VISION - STREETFIGHTER (*NEW-CD, 2011, Born Twice) Lynyrd Skynyrd
ABOUT THE ALBUM
Few people knew about the rare private pressing of Vision's 1984 masterpiece, Mountain in the Sky (featuring two Lynyrd Skynyrd alum). Even fewer people knew that the band recorded a third album in 1986 that was never released! Retroactive Records has worked diligently with the band to unearth this classic rock masterpiece and make it widely available for the first time ever! Vision was known for powerful, anthemic classic rock, and that's exactly what Streetfighter is all about! This recording is arguably the bands strongest material, and includes the talents of Lynyrd Skynyrd piano player, Billy Powell! Billy's extraordinary talents help give Vision a very distinctive sound on this previously unreleased rock gem. Personal notes are included in the liner notes from David Brown (former Vice President of Heartland Records) and Barry Lee Harwood (former guitarist/vocalist and writer for The Rossington-Collins Band and Lynrd Skynyrd). For fans of Lynyrd Skynyrd, Cheap Trick, Forgeigner, and Boston! Comes in a full color 6 panel digipak. This classic CD released in May of 2011.
Track Listing: “Stop The Killing” (2:53), “I’m Gonna Live” (4:01), “I Know You” (3:17), “Break The Silence” (4:39), “Come Home” (3:33), “Streetfighter” (3:45), “Called To War” (3:43), “Mighty One” (4:22), “I’m Free” (4:06), “Rock This Town” (3:27), “Born To Rock” (4:36), “Your Eyes” (4:06), “Let’s Ride” (4:06)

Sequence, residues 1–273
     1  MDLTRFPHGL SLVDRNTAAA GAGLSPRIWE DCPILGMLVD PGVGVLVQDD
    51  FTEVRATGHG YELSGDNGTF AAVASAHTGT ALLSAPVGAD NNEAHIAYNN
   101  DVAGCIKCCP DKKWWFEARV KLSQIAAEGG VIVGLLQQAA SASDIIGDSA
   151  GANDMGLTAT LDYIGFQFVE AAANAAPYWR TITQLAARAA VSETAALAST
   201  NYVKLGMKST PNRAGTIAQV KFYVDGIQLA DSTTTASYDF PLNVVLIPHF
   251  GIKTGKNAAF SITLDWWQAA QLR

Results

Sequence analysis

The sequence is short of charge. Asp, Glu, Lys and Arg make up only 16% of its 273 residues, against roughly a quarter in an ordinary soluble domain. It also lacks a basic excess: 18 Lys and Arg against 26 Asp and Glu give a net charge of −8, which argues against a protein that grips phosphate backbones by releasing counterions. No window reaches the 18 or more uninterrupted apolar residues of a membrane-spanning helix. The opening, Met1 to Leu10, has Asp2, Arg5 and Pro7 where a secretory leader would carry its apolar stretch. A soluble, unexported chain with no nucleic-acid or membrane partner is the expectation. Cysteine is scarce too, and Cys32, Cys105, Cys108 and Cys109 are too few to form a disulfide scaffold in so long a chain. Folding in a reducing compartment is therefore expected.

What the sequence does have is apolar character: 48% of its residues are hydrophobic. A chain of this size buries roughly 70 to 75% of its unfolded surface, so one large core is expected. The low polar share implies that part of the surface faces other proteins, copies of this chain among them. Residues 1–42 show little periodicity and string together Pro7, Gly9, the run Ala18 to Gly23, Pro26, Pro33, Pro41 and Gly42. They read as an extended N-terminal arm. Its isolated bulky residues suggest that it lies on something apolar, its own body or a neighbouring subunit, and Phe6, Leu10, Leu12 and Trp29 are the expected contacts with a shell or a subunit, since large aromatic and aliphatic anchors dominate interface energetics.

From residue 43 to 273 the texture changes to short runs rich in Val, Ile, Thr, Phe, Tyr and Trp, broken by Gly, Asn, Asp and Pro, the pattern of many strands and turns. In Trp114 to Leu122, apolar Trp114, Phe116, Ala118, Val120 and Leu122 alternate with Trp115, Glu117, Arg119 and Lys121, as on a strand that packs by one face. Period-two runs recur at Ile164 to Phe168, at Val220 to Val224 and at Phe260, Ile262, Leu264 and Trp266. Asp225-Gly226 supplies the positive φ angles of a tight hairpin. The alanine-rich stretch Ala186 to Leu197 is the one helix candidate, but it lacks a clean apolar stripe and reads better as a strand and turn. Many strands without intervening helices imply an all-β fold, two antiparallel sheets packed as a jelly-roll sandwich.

Rocco Marshall – Lead Vocals & Guitars
Leonard Jones – Guitars
Billy Powell – Piano, Organ & Synthesizers
David Jinright – Keyboards
Lawrence Buckner – Bass
Mike Maple – Drums
ANGELIC WARLORD REVIEW
Streetfighter, the much anticipated and long delayed third album from Vision, fails to disappoint in the quality department. Most identify with Vision for its self-titled sophomore album from 1985, originally a Heartland Records release but later re-issued on Born Twice Records in 2010. Many are not aware of Vision’s 1984 debut, also self-titled but independently released, that due to receiving no distribution or promotion went out of print and turned into a hard to find collectors item. Said album was also re-issued on Born Twice in 2010 but under the new title Mountain In The Sky.
Streetfighter also escaped the attention of the music buying public, with the main reason being that it was never officially released back in the day (the album was recorded in a Florida beach house in 1986). The good news, however, is that Streetfighter was re-mastered and re-issued on Born Twice in the spring of 2011. Three additional tracks recorded by the band before it broke up in 1987 were included as well.
Vision, of course, gained acclaim for featuring Lynyrd Skynyrd members Leon Wilkeson (bass) and Billy Powell (piano). The two were brought on board after Lynyrd Skynyrd went on extended hiatus following the tragic 1977 plane crash that killed three of its members and seriously injured several others. Wilkeson appeared on just Mountain In The Sky while Powell contributed to all three.